August 2008

p-Phenylenediamine in Black Henna TattoosA Practice in Need of Policy in Children

Author Affiliations

Copyright 2008 American Medical Association. All Rights Reserved. Applicable FARS/DFARS Restrictions Apply to Government Use.2008

Arch Pediatr Adolesc Med. 2008;162(8):790-792. doi:10.1001/archpedi.162.8.790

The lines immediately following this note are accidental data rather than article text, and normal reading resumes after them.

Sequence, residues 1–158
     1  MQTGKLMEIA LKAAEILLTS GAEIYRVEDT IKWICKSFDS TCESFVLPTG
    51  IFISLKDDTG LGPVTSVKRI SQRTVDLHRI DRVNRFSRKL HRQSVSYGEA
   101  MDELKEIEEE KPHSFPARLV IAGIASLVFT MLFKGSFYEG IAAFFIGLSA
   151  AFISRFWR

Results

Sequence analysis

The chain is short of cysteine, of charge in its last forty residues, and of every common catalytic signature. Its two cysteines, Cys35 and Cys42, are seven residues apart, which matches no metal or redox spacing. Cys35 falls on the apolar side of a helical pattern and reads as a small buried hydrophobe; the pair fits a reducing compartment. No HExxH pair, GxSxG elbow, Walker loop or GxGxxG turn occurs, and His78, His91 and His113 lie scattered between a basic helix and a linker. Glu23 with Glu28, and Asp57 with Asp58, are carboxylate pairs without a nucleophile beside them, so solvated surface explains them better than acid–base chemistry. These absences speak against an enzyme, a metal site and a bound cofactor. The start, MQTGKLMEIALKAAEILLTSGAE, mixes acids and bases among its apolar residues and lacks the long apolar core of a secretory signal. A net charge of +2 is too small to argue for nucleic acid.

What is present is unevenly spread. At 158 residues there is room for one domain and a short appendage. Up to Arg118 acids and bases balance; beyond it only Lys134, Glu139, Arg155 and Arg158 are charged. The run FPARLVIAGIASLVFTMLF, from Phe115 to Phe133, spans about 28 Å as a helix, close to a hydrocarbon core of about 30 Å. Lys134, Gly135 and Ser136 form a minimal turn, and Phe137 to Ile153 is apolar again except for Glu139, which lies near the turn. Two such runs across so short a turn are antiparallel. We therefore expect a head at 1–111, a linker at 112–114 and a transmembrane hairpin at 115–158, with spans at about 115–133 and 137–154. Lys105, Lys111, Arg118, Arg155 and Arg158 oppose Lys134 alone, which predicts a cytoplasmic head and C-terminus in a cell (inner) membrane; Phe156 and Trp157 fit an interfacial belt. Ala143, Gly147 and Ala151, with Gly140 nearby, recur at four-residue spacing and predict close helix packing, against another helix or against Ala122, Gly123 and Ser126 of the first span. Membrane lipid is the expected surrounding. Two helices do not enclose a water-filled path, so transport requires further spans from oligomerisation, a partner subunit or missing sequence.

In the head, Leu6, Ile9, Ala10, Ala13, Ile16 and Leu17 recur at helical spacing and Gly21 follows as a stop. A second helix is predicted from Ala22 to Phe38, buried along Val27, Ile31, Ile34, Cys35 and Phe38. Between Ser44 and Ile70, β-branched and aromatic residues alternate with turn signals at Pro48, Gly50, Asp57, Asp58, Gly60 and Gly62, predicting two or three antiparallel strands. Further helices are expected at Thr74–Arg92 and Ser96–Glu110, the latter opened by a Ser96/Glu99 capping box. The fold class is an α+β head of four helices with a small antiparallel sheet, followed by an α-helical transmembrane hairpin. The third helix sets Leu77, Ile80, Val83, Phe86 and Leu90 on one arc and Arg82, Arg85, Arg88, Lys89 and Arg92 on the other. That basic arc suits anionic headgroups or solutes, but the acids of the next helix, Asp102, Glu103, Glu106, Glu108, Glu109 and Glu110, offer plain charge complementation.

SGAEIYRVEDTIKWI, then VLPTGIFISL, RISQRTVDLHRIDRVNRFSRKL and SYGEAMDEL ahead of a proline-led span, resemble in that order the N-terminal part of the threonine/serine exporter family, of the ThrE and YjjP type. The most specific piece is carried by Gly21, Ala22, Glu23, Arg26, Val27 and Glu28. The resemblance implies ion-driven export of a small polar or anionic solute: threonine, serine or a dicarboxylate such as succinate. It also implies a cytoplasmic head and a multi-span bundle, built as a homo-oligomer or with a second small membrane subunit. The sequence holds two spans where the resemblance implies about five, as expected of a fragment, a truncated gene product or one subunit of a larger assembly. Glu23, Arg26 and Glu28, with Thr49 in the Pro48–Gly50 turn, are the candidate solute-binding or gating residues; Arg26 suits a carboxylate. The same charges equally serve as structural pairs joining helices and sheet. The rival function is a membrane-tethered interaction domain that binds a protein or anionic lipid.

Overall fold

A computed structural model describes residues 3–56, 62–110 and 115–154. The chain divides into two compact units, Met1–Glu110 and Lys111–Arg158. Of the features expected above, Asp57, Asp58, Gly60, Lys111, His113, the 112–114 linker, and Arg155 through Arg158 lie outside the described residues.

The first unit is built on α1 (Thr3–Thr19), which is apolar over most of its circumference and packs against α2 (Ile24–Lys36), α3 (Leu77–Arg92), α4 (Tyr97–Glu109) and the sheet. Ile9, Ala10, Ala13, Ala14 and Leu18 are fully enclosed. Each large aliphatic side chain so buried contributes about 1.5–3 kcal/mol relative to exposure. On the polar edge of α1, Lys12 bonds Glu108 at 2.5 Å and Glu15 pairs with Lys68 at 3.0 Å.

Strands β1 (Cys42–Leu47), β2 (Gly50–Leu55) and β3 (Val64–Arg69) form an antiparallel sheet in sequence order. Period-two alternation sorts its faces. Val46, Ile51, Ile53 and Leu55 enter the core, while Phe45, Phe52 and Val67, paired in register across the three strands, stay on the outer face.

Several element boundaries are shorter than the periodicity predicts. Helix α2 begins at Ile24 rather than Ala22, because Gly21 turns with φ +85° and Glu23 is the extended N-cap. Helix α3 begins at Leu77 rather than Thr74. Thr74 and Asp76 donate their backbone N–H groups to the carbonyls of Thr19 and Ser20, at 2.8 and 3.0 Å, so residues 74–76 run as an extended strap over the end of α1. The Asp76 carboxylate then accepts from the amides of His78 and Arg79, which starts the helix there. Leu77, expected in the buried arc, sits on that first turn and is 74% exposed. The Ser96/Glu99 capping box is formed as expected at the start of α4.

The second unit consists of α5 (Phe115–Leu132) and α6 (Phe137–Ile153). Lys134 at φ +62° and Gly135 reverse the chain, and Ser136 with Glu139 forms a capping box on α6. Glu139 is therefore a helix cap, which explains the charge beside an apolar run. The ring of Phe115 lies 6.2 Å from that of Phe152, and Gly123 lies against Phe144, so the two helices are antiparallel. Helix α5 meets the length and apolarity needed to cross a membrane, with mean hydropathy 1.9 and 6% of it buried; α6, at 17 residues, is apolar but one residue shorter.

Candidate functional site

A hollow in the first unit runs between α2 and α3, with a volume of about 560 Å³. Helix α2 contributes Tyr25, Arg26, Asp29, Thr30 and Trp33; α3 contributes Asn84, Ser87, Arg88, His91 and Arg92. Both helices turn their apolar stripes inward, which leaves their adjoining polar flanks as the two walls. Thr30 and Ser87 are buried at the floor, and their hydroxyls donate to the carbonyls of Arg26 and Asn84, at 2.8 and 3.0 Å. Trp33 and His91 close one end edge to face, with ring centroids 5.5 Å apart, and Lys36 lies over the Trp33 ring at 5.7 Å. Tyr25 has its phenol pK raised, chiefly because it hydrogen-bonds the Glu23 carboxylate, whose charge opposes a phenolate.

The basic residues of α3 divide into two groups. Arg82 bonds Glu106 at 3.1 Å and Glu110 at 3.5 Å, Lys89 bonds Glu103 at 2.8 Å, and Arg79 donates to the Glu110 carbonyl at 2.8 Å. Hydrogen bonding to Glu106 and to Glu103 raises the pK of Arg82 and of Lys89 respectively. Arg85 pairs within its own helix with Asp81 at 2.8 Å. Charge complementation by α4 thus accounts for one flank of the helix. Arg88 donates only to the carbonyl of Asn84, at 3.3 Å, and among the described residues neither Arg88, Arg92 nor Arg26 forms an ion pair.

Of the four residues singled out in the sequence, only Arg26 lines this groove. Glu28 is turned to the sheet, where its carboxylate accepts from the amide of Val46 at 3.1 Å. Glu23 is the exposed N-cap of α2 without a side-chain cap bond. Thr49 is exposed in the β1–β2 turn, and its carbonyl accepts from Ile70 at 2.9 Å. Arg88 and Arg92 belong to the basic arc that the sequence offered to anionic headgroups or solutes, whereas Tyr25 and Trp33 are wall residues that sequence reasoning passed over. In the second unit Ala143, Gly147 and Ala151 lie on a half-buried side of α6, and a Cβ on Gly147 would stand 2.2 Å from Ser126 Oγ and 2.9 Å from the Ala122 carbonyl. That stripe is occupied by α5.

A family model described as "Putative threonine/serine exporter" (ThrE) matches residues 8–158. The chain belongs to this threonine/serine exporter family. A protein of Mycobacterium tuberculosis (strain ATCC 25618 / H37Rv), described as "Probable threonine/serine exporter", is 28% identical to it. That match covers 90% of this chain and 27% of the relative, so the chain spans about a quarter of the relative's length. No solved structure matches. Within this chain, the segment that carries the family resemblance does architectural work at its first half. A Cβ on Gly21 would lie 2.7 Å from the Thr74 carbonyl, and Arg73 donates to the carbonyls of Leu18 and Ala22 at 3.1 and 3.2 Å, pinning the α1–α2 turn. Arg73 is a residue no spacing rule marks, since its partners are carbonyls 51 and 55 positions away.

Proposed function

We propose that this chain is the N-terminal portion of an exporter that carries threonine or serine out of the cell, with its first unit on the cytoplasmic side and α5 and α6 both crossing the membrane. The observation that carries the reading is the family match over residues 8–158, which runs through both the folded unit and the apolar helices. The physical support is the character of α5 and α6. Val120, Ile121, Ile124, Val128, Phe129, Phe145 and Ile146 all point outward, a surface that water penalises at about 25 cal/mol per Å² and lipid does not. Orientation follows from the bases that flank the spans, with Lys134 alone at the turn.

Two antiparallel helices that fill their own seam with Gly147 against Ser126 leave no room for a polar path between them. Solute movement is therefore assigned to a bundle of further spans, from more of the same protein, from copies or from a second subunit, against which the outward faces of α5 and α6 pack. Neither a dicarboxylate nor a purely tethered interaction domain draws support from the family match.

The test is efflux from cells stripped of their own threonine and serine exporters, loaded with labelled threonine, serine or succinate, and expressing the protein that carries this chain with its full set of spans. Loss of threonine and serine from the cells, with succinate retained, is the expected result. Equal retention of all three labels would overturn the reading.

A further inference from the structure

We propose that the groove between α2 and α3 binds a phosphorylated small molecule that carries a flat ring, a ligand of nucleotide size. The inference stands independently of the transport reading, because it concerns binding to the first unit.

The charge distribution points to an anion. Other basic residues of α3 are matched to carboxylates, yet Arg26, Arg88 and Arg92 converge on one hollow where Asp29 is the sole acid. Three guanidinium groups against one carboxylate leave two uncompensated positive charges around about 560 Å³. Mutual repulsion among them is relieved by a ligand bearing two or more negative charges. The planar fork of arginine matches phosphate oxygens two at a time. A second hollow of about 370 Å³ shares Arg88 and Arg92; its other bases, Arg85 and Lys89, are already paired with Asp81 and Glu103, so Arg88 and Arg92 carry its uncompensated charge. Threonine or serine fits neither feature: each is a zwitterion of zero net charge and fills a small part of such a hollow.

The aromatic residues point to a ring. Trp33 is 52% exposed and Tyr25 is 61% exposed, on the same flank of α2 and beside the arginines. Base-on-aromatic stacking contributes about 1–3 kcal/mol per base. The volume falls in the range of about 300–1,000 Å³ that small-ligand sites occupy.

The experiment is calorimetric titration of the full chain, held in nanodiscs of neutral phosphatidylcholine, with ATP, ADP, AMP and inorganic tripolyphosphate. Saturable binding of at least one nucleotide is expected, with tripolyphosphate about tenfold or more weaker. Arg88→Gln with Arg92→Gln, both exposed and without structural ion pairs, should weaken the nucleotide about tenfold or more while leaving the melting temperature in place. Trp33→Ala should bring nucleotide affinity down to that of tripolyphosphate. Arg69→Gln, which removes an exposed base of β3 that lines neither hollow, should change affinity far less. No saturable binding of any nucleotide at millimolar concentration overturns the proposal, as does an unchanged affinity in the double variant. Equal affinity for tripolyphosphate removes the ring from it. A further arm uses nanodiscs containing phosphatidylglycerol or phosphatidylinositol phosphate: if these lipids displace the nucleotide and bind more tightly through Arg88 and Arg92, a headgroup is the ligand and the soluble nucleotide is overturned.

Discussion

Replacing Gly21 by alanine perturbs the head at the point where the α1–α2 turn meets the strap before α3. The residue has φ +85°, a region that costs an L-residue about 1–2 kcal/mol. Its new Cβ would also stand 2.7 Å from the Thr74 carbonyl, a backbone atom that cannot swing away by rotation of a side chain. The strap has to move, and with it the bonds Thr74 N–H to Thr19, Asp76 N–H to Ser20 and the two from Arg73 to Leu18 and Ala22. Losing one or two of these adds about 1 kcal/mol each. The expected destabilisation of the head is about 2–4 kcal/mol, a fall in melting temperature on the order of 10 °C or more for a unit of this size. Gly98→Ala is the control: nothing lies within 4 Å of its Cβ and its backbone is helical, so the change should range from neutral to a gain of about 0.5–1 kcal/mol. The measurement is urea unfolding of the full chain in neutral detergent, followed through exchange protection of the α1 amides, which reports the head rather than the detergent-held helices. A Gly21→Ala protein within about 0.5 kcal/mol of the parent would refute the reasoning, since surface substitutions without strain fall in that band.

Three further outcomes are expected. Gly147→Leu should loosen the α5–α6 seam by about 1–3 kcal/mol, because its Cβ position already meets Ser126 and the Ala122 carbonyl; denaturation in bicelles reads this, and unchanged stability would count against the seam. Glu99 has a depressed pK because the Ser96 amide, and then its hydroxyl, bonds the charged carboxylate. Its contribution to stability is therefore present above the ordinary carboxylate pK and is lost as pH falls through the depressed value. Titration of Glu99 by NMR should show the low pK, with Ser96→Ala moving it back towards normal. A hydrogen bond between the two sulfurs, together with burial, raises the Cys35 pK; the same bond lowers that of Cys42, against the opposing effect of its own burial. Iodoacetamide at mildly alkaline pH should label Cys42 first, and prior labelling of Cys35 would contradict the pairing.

In the last 2 years, attention has been drawn to the use of p-phenylenediamine (PPD) in henna dyes and the potential for this allergenic chemical to cause hyper sensitivity reactions.1,2p-Phenylenediamine is an oxidative chemical that is frequently used as a permanent hair-coloring agent. It is added to henna to increase the intensity and longevity of the tattoo and expedites its drying time.3,4 Henna itself is a greenish brown vegetable coloring made from the leaves of Lawsonia inermis and rarely causes allergic contact dermatitis (Figure 1).5 The addition of PPD causes the contact sensitization to black henna (Figure 2).

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